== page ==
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Show no Partiality | Thy Sins are forgiven
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Show no Partiality

Friends in Christ,    
From today’s 1st Reading, it is evident that the early Church had some problems of people showing favoritism.  ‘If a man with fine clothes comes into your assembly, and a poor person with shabby clothes also comes in, and you pay more attention to the one wearing the fine clothes, then have you not made distinctions among yourselves?’      

St. James is warming against the unfair treatment of others. This question is part of the Cardinal Virtue of Justice;[i]    Holy Scripture says that ‘God is no respecter of persons.’ (Acts 10:34), and this means that he treats all with equal dignity, regardless of outward appearance, wealth, or nationality. We are supposed to do the same.    

Unfairness happens when one person is given certain privileges,  not because he is more qualified or worthy,  but because he is a certain person – your friend or relative –  or a person who can do you a favor later.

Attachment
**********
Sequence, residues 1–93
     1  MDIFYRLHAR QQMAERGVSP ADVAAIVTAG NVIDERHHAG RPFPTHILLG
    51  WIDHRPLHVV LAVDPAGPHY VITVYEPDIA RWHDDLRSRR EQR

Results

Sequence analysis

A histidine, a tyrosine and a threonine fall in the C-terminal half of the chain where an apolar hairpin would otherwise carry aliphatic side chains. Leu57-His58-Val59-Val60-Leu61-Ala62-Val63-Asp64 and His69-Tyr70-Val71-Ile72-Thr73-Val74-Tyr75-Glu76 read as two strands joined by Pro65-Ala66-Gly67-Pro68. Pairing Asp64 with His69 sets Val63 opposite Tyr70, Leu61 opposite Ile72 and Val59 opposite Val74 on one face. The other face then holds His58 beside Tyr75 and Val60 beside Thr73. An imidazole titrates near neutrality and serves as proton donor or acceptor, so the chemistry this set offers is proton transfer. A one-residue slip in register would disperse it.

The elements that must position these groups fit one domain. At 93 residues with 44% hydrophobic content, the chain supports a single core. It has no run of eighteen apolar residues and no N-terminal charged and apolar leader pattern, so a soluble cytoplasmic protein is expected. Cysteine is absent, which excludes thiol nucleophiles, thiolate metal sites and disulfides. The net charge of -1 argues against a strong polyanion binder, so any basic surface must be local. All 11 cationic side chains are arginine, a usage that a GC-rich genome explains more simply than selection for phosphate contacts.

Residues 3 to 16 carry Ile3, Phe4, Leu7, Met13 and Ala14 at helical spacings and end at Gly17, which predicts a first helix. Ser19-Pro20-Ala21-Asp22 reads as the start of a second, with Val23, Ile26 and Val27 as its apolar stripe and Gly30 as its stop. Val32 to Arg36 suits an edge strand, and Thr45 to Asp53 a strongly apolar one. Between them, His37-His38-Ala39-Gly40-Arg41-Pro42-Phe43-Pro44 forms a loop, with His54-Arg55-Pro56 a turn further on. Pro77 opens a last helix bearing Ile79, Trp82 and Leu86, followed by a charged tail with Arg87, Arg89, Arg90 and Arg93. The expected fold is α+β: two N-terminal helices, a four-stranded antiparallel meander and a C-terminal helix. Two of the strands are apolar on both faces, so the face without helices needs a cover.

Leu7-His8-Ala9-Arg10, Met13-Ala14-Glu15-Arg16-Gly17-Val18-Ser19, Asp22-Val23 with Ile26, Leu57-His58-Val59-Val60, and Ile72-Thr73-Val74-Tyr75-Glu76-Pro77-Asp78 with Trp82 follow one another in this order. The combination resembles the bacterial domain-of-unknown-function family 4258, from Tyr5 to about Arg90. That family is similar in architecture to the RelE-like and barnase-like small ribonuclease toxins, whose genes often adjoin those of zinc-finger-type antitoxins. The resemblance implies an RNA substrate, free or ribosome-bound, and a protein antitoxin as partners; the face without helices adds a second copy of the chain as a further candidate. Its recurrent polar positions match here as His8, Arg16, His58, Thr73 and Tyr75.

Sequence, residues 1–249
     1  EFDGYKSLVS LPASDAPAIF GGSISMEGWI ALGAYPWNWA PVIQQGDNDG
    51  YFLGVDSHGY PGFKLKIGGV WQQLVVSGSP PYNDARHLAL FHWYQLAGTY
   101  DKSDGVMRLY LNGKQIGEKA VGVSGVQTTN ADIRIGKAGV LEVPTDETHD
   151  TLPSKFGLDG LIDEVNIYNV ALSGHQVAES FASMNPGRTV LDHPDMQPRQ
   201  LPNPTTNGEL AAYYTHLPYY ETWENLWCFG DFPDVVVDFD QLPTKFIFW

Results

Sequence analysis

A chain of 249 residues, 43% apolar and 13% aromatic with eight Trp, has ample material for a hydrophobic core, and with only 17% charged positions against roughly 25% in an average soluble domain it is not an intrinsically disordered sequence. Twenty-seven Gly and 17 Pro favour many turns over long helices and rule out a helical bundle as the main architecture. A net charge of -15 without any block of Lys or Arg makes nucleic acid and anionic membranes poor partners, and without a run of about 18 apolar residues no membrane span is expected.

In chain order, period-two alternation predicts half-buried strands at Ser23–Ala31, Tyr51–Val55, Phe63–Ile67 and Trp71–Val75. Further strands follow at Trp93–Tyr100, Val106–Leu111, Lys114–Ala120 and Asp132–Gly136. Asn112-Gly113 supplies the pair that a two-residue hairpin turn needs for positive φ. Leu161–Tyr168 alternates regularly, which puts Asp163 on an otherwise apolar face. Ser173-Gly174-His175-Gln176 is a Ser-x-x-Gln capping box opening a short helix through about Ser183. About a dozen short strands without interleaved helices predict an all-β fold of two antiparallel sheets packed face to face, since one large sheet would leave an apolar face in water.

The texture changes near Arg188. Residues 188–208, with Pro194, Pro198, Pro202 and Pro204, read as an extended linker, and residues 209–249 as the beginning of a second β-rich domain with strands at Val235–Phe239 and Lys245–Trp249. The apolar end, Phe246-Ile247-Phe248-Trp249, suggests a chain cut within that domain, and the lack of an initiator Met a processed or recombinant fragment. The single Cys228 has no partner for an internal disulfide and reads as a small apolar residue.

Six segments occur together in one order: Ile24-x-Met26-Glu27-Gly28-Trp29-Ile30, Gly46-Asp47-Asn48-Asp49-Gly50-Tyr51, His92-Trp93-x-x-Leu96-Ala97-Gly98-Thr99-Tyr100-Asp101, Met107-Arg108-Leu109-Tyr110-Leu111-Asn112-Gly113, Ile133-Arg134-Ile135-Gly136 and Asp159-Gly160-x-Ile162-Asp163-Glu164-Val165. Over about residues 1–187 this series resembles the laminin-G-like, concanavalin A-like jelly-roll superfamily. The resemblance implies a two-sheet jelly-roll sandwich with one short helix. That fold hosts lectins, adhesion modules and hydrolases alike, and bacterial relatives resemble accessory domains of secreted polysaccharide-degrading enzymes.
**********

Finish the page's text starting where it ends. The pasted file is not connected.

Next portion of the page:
A coach for example, with little kids, should be fair in who gets to play.  Justice would demand that all the children get a chance to play.  If the coach favors one child because the parents are his friends, this is a violation of justice.      

If a child is allowed to be first in line to receive her Confirmation from the Bishop  because her father is a big donor to the parish,  this would be unjust favoritism.       

I remember at Christmas time, that my parents were always very careful that each child received a similar number or quality of gifts.  Though a parent might feel special attachment to one child,  the parent must be sure that the children are treated with equal dignity.  Of course if a child is sick, more money should be spent on medicine for that child than the others.  So fairness does not mean that all are treated the same,  but rather with equal dignity.       

So we should look at our own behavior.  At a restaurant or at the store,    are we more courteous with good-looking people?  Is there fault-finding with people who happen to be overweight or less attractive? Do we treat smokers or poorly dressed persons differently than we treat others?    

We should look at our heart.  If we are driving, do we find ourselves angry and critical of the mistakes of a driver in the shabby car,  while we find a way to overlook mistakes of the Mercedes Benz?      

Oh, we are patient with those noisy children at Mass,  but are we the same with the children of another race?       

In the pagan world, people favor those whom they please; but we Christians treat everyone with equal dignity, because all are God’s children. 


[i] Summa Theologica: Justice, Q63.

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